Posted on Monday 16 December 2013
Guy’s Hospital technician Gabriel Dominise, winner of the Institute Photography’s Photographer of the Year award
The minute details make the picture for Guy’s Hospital technician Gabriel Dominise, winner of the Institute Photography’s Photographer of the Year award.
Despite only taking up the hobby five years ago, Gabriel’s picture was chosen from more than 54,000 shots across three categories. About 18,000 people entered from all over the world.
Gabriel, 55, from Rainham in Essex, works as a Sterile Services Department (SSD) technician at Essentia, capital estates and facilities directorate at Guy’s and St Thomas’, and has been at Guy’s for six years.
He says: “I was very shocked when one of my images was judged best of the year. There were semi-professionals in the group and I did not even participate in the online forums because I was a bit intimidated.”
The winning picture, a shot of a green insect against a bright pink flower, was taken in his garden, where Gabriel grows rare orchids that attract all sorts of creepy crawlies.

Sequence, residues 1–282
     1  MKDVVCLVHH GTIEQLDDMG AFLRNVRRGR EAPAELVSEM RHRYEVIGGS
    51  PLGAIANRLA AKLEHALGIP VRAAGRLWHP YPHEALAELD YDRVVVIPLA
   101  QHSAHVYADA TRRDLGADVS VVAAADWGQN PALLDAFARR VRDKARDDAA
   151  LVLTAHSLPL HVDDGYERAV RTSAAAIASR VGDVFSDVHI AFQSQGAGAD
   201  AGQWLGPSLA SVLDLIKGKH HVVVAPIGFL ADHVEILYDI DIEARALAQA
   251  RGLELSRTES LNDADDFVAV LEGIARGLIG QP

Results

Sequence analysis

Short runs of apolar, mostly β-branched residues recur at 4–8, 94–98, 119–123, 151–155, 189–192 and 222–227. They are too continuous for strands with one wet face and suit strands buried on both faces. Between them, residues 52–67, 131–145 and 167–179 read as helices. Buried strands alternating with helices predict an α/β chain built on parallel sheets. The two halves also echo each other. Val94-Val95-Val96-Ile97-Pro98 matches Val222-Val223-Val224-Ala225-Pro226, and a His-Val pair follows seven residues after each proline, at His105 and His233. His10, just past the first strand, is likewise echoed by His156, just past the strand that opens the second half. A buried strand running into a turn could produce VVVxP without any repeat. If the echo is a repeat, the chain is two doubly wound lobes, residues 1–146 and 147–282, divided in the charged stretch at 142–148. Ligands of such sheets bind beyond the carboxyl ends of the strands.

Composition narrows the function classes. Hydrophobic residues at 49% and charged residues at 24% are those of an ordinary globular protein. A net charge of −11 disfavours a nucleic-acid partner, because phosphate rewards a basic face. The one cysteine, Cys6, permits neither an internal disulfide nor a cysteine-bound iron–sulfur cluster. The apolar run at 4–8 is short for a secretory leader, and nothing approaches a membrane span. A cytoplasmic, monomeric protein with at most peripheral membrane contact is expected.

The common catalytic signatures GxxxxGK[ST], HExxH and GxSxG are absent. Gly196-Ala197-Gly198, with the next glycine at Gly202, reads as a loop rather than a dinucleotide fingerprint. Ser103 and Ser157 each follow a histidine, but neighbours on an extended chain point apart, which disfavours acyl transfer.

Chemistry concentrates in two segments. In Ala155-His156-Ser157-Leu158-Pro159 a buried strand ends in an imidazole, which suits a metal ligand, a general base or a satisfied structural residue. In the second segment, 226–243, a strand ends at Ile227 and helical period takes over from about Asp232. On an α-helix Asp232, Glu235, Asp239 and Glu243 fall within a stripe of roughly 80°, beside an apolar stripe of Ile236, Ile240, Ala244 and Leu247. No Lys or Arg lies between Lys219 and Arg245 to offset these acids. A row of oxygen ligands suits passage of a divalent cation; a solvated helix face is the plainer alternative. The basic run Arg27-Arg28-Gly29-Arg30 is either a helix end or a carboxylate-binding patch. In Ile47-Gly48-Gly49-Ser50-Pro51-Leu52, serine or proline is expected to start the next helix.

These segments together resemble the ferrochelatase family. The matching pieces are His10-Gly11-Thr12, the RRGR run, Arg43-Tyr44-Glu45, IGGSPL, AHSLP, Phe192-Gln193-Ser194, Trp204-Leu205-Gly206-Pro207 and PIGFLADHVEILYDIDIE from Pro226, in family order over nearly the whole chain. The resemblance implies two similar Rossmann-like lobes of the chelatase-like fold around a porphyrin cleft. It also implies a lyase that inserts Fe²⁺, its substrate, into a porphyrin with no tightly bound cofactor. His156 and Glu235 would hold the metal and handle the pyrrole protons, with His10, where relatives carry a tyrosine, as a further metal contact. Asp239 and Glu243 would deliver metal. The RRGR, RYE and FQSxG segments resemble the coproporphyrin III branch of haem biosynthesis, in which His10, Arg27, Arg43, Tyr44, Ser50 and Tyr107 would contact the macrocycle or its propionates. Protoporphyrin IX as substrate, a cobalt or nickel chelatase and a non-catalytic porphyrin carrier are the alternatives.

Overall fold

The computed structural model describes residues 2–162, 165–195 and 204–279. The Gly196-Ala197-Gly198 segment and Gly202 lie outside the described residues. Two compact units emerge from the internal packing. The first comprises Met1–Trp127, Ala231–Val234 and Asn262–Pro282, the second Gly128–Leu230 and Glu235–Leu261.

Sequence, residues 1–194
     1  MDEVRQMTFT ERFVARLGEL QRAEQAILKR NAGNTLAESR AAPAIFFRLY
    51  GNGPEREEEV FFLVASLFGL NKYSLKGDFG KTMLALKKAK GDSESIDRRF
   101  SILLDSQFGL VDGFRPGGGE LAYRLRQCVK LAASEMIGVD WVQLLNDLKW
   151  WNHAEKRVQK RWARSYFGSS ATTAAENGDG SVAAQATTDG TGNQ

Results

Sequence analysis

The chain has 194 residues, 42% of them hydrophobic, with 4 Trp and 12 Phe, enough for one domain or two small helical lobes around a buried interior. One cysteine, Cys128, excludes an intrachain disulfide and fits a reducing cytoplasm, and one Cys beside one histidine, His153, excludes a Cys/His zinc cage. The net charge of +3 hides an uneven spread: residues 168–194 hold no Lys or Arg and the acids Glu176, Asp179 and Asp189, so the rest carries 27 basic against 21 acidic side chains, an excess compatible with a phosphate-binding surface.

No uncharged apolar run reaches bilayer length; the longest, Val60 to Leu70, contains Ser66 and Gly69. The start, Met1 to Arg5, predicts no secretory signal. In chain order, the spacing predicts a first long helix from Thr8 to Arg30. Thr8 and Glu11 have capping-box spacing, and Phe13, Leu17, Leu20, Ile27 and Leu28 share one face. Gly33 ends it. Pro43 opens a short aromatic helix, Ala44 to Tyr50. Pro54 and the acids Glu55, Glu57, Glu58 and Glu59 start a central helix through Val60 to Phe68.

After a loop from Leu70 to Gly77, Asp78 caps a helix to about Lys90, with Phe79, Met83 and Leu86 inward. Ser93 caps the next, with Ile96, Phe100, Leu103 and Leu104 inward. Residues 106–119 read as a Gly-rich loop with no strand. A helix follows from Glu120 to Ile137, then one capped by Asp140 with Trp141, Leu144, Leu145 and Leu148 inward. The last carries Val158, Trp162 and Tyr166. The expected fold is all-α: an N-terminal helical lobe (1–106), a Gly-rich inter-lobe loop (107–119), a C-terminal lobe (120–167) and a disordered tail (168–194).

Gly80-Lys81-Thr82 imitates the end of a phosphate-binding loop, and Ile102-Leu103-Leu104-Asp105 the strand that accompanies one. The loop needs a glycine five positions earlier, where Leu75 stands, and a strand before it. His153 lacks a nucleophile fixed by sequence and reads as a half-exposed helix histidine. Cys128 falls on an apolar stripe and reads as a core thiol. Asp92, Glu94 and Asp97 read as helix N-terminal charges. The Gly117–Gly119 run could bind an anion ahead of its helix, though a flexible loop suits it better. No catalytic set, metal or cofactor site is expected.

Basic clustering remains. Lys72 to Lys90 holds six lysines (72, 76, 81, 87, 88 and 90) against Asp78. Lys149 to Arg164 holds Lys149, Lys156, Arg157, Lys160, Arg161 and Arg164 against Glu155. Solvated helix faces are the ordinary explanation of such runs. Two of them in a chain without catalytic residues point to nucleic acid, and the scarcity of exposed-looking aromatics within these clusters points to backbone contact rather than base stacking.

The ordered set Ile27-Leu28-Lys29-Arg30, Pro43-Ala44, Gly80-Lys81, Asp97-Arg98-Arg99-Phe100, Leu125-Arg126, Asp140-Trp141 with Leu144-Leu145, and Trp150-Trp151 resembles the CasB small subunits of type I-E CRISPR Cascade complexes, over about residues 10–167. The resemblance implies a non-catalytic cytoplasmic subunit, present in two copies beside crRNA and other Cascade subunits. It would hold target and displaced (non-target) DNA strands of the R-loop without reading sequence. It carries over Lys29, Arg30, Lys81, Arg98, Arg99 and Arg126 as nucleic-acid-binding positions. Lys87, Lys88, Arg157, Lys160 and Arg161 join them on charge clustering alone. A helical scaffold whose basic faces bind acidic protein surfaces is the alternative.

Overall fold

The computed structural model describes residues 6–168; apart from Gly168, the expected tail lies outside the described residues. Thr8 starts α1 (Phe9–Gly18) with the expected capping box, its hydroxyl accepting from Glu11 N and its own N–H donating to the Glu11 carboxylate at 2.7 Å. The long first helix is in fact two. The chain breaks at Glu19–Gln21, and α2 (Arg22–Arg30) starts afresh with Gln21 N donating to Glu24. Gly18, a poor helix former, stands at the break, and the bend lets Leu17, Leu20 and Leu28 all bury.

“It was one of those perfect moments where everything lines up” he says.
“I was lucky the green insect landed on a pink flower with a yellow background. I rushed straight inside to get my camera.”
Gabriel works a shift pattern, which fits in well with his photography.
He says: "My schedule in SSD is just perfect – two weeks of early shifts and two weeks of late shifts. Sometimes, when I am on late shift, I go early in the morning to visit St. James's Park to snap birds. And when I’m on early shift, after work I do some street photography and end the day taking evening shots near Tower Bridge.”
Gabriel’s favourite shooting style is macro photography, a type of extreme close-up.
He says: “I’m fascinated by macro photography because I can see the tiniest details of nature. You can almost count the lenses in a fly’s eye or the whiskers on a dragonfly.”
After teaching himself various techniques, Gabriel decided to get formal training at the Institute of Photography (IOP). He passed all 14 course modules, and submitted his best shots in three categories: portrait, landscape and overall photographer of the year.
The judges said Gabriel’s photo was ‘exceptionally sharp’ and praised the way it ‘makes you feel part of an alien world – the world of an insect’.
He achieved the photo by using a new macro technique he developed. He plans to create a photographic guide to explain it to future students at the Institute of Photography.
Gabriel won £300 of Amazon vouchers, which he has already spent on lighting equipment for his home studio. He also received an engraved glass trophy.
To see more of Gabriel’s photos visit his flickr page.